Marsh Lake (Yukon)
|Marsh Lake in January|
|Geographical location||Yukon ( Canada )|
|Location close to the shore||Whitehorse|
|Altitude above sea level|
|Maximum depth||50 m|
The lake formed the southern border of the traditional territory of the Ta'an Kwäch'än First Nation , an Indian group that belongs to the Southern Tutchone . There are also other groups, such as the Tagish .
The Yukon played an important role in transporting the prospectors and their equipment to Dawson during the Klondike Gold Rush . Many of the men built their own boats at first and felled trees on Lake Bennett and Tagish Lake , less so on Marsh Lake, which at that time was still called Mud Lake . The surveyor and doctor Frederick Schwatka (1849-1892) renamed him. The Ta'an Kwäch'än withdrew from the area and were given a tiny reservation on Lake Laberge north of Whitehorse . With the steam boats plying the lakes, the need for wood, which was used as fuel for the boilers, increased. Extensive logging began at the southeast end of Lake Marsh.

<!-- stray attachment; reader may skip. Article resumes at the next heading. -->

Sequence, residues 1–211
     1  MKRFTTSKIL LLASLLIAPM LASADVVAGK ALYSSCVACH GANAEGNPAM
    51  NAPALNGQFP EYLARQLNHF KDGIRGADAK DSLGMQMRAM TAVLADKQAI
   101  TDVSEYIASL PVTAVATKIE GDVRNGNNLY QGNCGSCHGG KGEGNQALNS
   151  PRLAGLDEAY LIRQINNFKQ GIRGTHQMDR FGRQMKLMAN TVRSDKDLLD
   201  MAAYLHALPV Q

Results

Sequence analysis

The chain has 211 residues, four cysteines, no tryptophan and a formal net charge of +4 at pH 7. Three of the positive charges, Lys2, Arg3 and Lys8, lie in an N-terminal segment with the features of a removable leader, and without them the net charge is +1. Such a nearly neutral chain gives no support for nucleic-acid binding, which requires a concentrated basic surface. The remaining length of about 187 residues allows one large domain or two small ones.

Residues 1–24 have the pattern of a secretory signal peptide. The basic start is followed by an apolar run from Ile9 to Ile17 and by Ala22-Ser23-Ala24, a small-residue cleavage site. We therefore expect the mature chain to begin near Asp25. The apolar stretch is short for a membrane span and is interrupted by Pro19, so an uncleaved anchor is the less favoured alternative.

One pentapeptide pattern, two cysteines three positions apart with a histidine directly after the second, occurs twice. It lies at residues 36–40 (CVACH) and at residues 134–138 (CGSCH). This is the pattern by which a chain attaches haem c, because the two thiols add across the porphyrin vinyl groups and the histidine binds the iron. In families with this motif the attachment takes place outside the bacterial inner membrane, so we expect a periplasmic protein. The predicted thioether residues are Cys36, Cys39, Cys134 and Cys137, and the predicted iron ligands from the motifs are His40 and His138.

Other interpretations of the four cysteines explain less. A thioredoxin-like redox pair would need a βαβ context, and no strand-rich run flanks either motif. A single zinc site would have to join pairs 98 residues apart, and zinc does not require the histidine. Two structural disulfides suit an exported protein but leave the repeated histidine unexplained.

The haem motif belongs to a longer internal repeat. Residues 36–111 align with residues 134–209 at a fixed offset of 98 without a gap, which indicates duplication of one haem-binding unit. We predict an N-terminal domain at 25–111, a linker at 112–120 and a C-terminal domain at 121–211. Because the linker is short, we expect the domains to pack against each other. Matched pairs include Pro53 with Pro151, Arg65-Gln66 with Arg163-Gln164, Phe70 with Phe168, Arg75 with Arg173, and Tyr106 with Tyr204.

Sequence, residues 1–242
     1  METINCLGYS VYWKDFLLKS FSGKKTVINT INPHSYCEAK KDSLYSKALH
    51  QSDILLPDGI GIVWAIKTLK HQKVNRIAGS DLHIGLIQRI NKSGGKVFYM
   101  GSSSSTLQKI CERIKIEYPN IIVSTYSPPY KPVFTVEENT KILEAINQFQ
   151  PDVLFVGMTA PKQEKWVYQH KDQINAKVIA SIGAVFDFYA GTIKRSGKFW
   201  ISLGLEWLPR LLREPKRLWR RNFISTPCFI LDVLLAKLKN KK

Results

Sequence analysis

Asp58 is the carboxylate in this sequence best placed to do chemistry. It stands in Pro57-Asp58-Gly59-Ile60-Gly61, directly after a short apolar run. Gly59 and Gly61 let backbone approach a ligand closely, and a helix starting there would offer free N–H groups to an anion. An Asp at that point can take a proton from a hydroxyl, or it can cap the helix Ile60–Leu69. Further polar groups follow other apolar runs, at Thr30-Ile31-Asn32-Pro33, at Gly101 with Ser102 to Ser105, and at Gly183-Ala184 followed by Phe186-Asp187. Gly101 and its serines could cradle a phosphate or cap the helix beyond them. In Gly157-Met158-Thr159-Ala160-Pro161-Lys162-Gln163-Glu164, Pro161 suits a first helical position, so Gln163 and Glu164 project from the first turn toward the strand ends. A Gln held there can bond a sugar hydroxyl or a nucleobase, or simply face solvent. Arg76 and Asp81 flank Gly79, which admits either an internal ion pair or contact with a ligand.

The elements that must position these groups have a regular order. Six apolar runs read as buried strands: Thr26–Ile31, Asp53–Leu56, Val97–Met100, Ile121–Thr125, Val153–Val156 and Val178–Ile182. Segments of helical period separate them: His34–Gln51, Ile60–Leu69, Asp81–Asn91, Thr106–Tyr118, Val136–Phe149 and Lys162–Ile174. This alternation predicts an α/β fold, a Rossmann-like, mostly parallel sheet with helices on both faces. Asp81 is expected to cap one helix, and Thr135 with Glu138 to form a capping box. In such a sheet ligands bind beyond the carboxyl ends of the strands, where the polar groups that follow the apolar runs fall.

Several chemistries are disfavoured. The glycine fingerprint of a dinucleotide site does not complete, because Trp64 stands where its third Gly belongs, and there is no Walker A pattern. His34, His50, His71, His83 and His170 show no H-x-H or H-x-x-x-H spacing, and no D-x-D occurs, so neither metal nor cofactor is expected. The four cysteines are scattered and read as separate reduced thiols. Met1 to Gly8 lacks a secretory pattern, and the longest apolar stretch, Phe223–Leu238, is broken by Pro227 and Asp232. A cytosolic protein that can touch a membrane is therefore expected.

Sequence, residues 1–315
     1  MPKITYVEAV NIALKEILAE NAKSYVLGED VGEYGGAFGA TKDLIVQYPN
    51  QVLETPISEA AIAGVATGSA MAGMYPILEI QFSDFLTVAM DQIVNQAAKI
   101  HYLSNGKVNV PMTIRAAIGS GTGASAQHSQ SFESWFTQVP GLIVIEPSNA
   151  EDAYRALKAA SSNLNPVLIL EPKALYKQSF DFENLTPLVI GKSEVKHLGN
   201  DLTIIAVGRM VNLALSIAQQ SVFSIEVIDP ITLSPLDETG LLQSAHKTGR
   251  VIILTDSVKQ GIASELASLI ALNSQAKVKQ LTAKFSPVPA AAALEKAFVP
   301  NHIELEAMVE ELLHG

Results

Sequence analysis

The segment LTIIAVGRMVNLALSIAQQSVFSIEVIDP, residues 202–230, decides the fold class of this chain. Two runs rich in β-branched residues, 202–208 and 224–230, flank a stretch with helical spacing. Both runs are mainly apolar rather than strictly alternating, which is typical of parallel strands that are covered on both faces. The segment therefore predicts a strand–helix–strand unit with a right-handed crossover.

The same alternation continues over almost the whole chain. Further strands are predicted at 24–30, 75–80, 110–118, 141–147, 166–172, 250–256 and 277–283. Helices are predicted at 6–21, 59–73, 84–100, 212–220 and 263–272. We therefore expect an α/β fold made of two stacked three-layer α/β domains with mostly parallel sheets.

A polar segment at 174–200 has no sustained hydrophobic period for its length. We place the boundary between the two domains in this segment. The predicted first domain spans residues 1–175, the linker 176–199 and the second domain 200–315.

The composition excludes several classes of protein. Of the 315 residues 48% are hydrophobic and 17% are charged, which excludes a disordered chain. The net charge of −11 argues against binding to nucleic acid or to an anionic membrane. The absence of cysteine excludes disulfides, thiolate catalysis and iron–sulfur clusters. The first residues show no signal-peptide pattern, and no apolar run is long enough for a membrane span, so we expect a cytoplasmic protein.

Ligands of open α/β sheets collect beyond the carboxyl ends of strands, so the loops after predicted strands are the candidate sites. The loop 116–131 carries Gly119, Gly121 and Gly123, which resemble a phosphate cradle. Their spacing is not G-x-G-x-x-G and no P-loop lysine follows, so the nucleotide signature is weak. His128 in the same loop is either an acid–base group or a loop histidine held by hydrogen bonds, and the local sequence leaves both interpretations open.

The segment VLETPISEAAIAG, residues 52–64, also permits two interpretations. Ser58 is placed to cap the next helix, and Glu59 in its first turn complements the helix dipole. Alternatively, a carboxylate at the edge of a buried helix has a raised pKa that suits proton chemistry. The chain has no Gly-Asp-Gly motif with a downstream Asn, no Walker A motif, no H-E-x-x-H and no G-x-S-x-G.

In 1942 construction began on the Alaska Highway , which runs along the east side of the lake. In 1956 the Canadian government forced the amalgamation of several Indian tribes to form the Whitehorse Indian Band , today's Kwanlin Dun First Nation in and around Whitehorse . These groups had settled around Whitehorse early on. It was not until 1987 that the Ta'an Kwäch'än broke away from this association. In 2002 they signed a contract with the government that gave them a self-governed reservation around Lake Laberge.
With the growth of the capital of the territory, more and more houses were built on the lake, so that in 2001 the place Marsh Lake was created, which has around 400 inhabitants. In 2008 there were 406 households, with many of the residents only living in one of the 437 lots in summer .
- former Marsh Lake Community website , archive.org, Dec. 4, 2011
- environmentyukon.ca: Bathymetric map